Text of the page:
• Poor execution can lead  users to consider you as being spammy and can tarnish your brand.  The purpose of these sites is to network, not to promote in a one-way fashion.
  • Leave Your Name, Location, Avatar and/or Bio Blank You would think that those of us who are using Twitter to connect with others (which is just about everyone, isn’t it?), would take time to fill in some basics about who we are and what we do. I have seen so many Twitter accounts that don’t even provide a name. And worse, some that don’t have an avatar. Ideally, your avatar will be an actual photo of you, but at a minimum, you need something there (a logo, business name, etc.) to replace the default no-avatar graphic. The burden of credibility is on you!
  • I always wonder what the deal is when I see Twitter accounts that have thousands of followers with only a handful of tweets posted. Sure, this is the norm for many of the celebrity Twitter accounts, but what’s the point? All this says to me is that you are playing a numbers game and most likely not willing or interested in getting to know any of your followers. One of the biggest benefits of using Twitter is the ability we have to use it to build relationships. If you’re not tweeting and engaging in conversation with anyone, you’re not getting to enjoy any of these person-to-person benefits.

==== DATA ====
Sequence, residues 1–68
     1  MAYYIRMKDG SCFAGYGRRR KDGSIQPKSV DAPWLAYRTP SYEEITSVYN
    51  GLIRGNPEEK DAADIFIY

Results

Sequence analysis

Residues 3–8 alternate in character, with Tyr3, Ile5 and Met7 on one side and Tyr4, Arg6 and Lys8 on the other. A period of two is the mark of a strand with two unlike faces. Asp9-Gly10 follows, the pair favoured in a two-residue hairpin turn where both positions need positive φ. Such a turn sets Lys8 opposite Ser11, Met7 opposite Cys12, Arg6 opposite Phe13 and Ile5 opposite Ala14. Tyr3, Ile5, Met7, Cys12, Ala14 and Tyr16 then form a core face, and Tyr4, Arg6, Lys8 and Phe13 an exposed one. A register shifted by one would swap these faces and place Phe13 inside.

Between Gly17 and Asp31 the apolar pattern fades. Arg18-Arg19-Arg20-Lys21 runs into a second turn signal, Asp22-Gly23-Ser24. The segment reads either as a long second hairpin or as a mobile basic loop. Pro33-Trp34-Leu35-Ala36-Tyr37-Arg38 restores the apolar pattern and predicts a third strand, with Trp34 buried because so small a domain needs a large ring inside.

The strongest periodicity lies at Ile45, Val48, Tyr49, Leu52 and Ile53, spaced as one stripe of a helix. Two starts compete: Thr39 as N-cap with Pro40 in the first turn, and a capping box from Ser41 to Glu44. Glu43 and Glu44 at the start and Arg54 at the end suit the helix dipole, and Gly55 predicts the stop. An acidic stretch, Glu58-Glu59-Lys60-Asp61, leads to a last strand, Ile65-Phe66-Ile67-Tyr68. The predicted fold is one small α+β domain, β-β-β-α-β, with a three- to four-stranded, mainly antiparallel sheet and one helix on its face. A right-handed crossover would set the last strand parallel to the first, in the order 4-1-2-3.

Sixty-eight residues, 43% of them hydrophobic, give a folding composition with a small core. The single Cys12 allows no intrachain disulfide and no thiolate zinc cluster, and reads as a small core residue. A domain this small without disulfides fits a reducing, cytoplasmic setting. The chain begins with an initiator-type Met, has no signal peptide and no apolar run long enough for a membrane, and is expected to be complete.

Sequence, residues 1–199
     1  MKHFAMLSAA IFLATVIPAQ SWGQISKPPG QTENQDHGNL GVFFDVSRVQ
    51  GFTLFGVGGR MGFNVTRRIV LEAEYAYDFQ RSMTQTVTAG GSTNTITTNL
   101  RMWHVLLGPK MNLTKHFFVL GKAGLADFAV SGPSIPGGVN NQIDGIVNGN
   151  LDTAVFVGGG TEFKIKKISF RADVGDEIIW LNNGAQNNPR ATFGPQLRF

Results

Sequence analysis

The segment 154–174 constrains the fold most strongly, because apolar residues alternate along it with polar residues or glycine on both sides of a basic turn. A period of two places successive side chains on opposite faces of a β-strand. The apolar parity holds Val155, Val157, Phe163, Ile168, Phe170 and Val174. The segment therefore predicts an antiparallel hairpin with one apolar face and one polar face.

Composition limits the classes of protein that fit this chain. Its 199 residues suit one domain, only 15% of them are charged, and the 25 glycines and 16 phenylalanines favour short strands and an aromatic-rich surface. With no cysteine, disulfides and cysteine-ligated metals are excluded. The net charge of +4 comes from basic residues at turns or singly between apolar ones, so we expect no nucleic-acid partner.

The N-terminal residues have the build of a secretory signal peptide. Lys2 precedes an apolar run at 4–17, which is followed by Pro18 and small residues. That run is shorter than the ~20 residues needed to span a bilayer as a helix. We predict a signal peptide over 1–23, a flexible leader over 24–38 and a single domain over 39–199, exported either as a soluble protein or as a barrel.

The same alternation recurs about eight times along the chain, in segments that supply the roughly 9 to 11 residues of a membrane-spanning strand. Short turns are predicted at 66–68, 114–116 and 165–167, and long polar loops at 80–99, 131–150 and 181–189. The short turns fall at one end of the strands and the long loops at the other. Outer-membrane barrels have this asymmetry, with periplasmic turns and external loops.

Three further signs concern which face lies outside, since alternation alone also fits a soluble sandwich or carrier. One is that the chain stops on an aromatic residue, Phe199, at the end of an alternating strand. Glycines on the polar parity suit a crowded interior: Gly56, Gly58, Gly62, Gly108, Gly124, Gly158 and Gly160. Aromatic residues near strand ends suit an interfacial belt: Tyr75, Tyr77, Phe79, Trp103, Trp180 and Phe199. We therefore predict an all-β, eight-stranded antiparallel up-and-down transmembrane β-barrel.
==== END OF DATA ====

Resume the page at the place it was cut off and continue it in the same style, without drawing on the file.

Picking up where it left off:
• We all put links on Twitter; it’s a great way to share information and spark conversation. But take a look at your linking history. If the majority of your links are self-promoting (i.e. they go directly to your website or focus only on your own accomplishments), you may be missing the point. Sure, people want to hear about what you’re doing and things you have available, but that can’t be the only side of your Twitter persona. Don’t forget to share information others might find useful, retweet, and read and comment on what your followers are posting. And when you get comments and retweets, please, acknowledge them and say thank you!
  • Please don’t send every little app you try. If you’re not aware that you’re doing it, you probably still are. Be sure to click “no” or “skip” or whatever lets you not invite me to yet another little green patch, zombie biting experience, or buy my friends experience.
  • Promoting yourself before you have engaged, joined or built a community This would be like showing up at a social event and pitching yourself to any stranger in the room. This is the classic mass media way of thinking. OK, there’s an audience here, I’ll broadcast a message. Doesn’t work that way out here. You have to bring something to the party,  make friends, perform a few favors before you can even think about asking for anything in return.  If you come to social media with a traditional media way of thinking you’ll be worse than invisible.